One of the most promising candidates for the Coronavirus vaccine, AstraZeneca’s clinical trials, have been put on hold as an adverse reaction has caused a volunteer to contract an unexplained illness.
A large scale trial that had been underway in various countries, a serious adverse reaction in a volunteer has triggered the safety protocol, causing it to be suspended until further notice. The pharma company has “voluntarily paused” the late-stage trials of the highly-anticipated COVID-19 vaccine in partnership with the University of Oxford after one of the study volunteers developed an unexplained illness, the company said on Wednesday.
One of the most promising vaccine candidates in the world as of now, the company’s spokeswoman Michele Meixell stated, “As part of the ongoing randomized, controlled global trials of the Oxford coronavirus vaccine, our standard review process was triggered and we voluntarily paused vaccination to allow the review of safety data by an independent committee. This is a routine action that has to happen whenever there is a potentially unexplained illness in one of the trials, while it is investigated, ensuring we maintain the integrity of the trials.”
Reportedly suffering a severely adverse reaction to the drug, one of the volunteers contracted an unknown disease, to which Meixell claimed, “We are working to expedite the review of the single event to minimize any potential impact on the trial timeline.”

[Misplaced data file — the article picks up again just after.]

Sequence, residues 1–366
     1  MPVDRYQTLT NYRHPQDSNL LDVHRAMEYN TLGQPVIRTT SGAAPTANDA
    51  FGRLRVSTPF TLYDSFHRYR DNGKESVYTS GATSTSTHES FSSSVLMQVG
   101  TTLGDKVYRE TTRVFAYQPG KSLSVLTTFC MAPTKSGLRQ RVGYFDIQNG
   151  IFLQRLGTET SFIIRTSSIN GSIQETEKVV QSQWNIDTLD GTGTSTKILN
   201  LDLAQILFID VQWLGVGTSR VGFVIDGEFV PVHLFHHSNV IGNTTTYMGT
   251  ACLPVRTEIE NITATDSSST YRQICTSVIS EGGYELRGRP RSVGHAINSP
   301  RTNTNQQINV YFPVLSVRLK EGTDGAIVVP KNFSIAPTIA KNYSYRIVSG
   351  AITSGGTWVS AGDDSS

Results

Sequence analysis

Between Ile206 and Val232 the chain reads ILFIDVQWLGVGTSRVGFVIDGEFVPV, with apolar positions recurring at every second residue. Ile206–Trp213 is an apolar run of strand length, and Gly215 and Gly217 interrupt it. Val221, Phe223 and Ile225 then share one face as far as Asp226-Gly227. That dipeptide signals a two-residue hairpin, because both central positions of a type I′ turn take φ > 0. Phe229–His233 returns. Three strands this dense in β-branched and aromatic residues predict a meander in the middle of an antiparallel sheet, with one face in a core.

AstraZeneca also said that in large trials, illnesses would sometimes happen by chance but the issue had to be reviewed independently.
The drug is in trials involving thousands of people in the United States, Brazil, India, South Africa, and the UK where the patient fell ill.
Claiming it to be a regular part of the process, but still, something that cannot be taken lightly, Julie Fischer, an Associate Research Professor in the Department of Microbiology and Immunology at the Center for Global Health Science and Security at Georgetown University, told Al Jazeera, “For a pause, the event would need to be serious; something related to the heart, lungs, kidneys or another part of the body’s health system that required medical attention and was sufficiently serious to merit a pause to this very important vaccine trial in order to make sure it is safe, and that the adverse effect is not due to the vaccine itself.”
The progress of all COVID-19 vaccines in development is being closely watched by researchers, doctors, government bodies, and health organizations, given the pressing need for new ways to curb the global pandemic. There are currently nine vaccine candidates in Phase III trials.